What does it mean to have an identity? If I proudly refer to myself as an Australian Muslim, what, in fact, am I doing? Simply resorting to tribalism? Unthinkingly slotting myself into a little box that I happened to have been born into? Establishing my home team?
Or is it somehow much deeper than that: an essential human need to identify with a fixed set of traditions and rituals in order to bring real meaning and perspective to life?
Maybe, somehow, it’s a bit of both.
David J. Goldberg, Rabbi Emeritus of London’s Liberal Jewish Synagogue, has thought long and hard about this issue, particularly when it comes to his own cultural group, the Jews. His book This Is Not The Way: Jews, Judaism and Israel caused a storm of controversy resulting from his openly critical comments of some aspects of Israeli policies towards the Palestinians.
But the real reason he wrote the book, he avers, was to address these deeper issues of identity head-on – in particular, how a sense of Jewish identity might be somehow disentangled from the religious elements with which it has been awkwardly enmeshed for thousands of years.
“I was really bothered by the difference between the theology – that as a Rabbi I was expounding weekly at services in prayer or sermons – and the reality that the overwhelming majority of Jews nowadays are not believing Jews.
“They are Jews for any number of reasons – tradition, family, persecution, you name it – but belief in God, certainly the God of the Five Books of Moses, the Old Testament, comes way down the list. And I wanted to explore this; and as honestly as possible, my own ambivalence about it, my own belief.”
A prime consequence of this deeply personal exploration is David’s conclusion that more credence should be given to the notion of the Cultural Jew, as opposed to its Zionist, Orthodox or Progressive counterparts.
The Cultural Jew may be religious in the traditional sense, but certainly isn’t necessarily so, and sometimes isn’t at all. But what does the Cultural Jew believe? What defines her?
The answer, says David, comes down to traditions and values. Tradition we largely interpret through rituals. For Cultural Jews, like anyone else, this means adherence to certain rites and ceremonies for birth, marriage, annual holidays and so forth. Encountering old friends, eating particular foods, singing special songs, all of these are signs of the overarching need for the creation and maintenance of rituals that exists in all of us.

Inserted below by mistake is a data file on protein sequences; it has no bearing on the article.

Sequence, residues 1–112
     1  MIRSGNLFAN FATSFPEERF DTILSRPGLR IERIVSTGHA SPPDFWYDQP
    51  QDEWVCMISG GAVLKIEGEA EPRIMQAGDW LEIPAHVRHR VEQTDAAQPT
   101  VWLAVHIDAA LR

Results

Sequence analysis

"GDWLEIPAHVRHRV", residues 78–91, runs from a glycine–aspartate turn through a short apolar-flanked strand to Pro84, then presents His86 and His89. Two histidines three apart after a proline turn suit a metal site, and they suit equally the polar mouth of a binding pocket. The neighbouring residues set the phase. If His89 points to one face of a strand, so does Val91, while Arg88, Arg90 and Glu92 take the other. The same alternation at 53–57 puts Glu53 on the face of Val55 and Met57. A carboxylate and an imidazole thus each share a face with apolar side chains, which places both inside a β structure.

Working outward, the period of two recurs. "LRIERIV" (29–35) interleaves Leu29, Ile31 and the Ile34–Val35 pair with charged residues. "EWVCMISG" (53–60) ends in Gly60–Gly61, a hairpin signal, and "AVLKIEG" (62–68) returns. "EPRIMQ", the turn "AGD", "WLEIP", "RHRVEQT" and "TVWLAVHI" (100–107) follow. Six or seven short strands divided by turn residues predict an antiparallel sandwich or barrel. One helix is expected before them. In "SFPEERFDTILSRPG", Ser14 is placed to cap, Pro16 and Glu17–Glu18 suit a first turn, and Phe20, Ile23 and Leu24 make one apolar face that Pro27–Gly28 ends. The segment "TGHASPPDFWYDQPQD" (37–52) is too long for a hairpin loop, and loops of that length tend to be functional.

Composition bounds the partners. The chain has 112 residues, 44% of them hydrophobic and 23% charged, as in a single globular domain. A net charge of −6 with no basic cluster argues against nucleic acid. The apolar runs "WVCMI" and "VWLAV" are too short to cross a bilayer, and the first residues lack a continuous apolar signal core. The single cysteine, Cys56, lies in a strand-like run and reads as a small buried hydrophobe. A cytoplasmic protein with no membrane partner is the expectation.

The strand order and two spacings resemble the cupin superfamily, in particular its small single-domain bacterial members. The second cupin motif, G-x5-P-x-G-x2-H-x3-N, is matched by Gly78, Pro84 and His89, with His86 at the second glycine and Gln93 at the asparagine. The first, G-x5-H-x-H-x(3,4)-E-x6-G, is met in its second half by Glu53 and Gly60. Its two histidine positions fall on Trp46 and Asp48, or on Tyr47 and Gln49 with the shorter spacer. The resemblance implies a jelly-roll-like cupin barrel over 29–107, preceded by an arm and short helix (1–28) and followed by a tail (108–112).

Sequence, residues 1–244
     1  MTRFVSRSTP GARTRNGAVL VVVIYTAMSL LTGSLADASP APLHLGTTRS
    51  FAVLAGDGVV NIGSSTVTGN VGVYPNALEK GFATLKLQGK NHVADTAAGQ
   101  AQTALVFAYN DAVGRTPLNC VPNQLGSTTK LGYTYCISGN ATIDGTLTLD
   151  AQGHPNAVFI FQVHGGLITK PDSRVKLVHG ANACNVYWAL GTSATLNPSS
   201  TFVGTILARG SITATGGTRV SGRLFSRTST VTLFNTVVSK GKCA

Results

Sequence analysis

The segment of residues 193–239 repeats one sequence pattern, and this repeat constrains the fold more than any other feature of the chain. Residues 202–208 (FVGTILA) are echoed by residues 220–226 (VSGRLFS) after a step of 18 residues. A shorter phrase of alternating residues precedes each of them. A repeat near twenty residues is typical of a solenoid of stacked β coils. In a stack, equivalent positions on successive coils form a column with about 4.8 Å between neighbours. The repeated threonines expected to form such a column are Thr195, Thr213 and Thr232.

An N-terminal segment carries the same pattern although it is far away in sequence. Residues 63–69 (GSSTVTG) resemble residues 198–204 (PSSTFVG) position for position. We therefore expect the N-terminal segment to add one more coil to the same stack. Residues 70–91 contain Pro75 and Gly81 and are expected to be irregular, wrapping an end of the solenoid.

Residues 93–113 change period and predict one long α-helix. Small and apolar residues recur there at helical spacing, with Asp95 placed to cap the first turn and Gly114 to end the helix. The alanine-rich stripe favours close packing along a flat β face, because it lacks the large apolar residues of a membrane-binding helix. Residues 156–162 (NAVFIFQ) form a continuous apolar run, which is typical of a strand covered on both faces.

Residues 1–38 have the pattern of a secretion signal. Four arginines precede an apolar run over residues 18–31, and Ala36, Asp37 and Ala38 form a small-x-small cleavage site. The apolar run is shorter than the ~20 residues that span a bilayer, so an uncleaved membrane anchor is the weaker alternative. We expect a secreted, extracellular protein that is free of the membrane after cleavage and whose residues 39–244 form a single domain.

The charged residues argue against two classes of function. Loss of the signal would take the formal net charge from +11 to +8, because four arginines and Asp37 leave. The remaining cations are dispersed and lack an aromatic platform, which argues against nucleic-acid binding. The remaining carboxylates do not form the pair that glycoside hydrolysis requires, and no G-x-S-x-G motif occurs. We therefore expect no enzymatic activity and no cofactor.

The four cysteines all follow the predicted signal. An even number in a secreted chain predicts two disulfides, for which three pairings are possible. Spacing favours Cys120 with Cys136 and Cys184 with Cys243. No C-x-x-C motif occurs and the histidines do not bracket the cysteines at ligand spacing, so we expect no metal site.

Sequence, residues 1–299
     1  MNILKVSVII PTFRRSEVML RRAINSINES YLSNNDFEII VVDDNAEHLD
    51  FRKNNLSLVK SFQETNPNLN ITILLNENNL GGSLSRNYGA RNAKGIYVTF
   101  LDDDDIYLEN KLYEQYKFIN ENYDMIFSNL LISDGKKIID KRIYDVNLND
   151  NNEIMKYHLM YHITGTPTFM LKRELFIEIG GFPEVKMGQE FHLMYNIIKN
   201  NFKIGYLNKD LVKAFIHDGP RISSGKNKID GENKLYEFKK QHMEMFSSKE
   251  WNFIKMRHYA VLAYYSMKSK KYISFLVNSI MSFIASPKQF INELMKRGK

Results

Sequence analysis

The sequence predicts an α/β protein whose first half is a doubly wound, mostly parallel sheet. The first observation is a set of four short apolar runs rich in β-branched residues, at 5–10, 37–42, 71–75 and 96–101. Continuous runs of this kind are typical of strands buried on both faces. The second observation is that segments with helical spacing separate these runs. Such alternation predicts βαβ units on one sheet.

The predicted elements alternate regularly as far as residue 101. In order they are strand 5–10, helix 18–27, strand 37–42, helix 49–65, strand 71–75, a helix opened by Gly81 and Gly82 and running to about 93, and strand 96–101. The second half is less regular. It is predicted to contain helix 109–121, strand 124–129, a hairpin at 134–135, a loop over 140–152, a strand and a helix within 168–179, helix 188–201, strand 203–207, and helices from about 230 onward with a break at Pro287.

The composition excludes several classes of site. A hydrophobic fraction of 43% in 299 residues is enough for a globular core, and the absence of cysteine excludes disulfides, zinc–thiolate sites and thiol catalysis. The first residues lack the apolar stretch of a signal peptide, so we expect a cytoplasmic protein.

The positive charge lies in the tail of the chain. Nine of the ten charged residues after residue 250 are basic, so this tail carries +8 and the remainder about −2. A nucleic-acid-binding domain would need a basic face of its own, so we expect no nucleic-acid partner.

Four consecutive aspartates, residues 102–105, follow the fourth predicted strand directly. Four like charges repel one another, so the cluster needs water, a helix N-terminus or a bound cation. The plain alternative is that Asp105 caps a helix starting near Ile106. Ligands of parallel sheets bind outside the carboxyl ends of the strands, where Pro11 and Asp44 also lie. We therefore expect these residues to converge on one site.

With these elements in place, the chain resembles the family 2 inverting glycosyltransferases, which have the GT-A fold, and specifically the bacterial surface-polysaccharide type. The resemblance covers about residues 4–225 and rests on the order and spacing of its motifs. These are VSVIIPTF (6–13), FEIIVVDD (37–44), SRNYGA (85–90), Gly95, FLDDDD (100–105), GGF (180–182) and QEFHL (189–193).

But by far our greatest need for ritual, he points out, occurs during a time of mourning.
“It’s amazing how people who’ve gone the furthest away from Judaism, as it were – sometimes even quite elaborately disowning any involvement in it whatsoever – nevertheless when their parent dies, they want to say the memorial prayer Kaddish over the body. And they will want it in transliterations if they can’t read Hebrew, just to be able to say it. So the prevalence of honoring the dead, remembering your parents, is a very deep thing in all cultures.”
And because all of this is so obviously personal, so inextricably tied to our own memories, experiences and sense of self, the notion that any third party might somehow feel itself competent to pass judgment on any one person’s sense of identity mediated through these very traditions is quite inappropriate.
This might seem like an obvious statement. But look a bit closer and things get murkier, particularly for the case of the Jews. For the better part of two thousand years rabbinic teachings have stipulated that, aside from official conversion through a strictly delineated procedure, only someone of a Jewish mother can be properly considered Jewish. This formal definition of Jewish identity is now unthinkingly accepted throughout virtually all Jewish communities. But as a rabbi himself, Goldberg is all too well aware of the contingent historical context that gave rise to our current definitions.
“In the Bible itself descent goes through the father, not the mother. One finds, “the son of David” or “the son of Isaac”, or whatever it might be. It goes through the male line.
“At some stage, and scholars don’t know exactly when but they tend to put it in the time of the Maccabean Revolt when a lot of young men were killed in warfare, it was changed to the maternal line. So it became the maternal line that was paramount and that’s codified in the Mishnah and in the Talmud. And that has been the law ever since to determine who is a Jew.”
To Rabbi Goldberg, this way of thinking is an example of inflexible and outmoded dogma that the Cultural Jew would be well to move beyond.
“I say, basically, ‘A Jew is anyone who says he or she is one’, because it would not be for me – it would be arrogance in the extreme – to turn around and say, ‘Oh, no, you’re not, because your mother or your grandmother wasn’t Jewish.’
“So if they tell me, ‘I regard myself as Jewish’, I would say, ‘You are Jewish, because you have voluntarily undergone a form of self-identification, which is the most honest kind of identification’.”
Howard Burton, firstname.lastname@example.org
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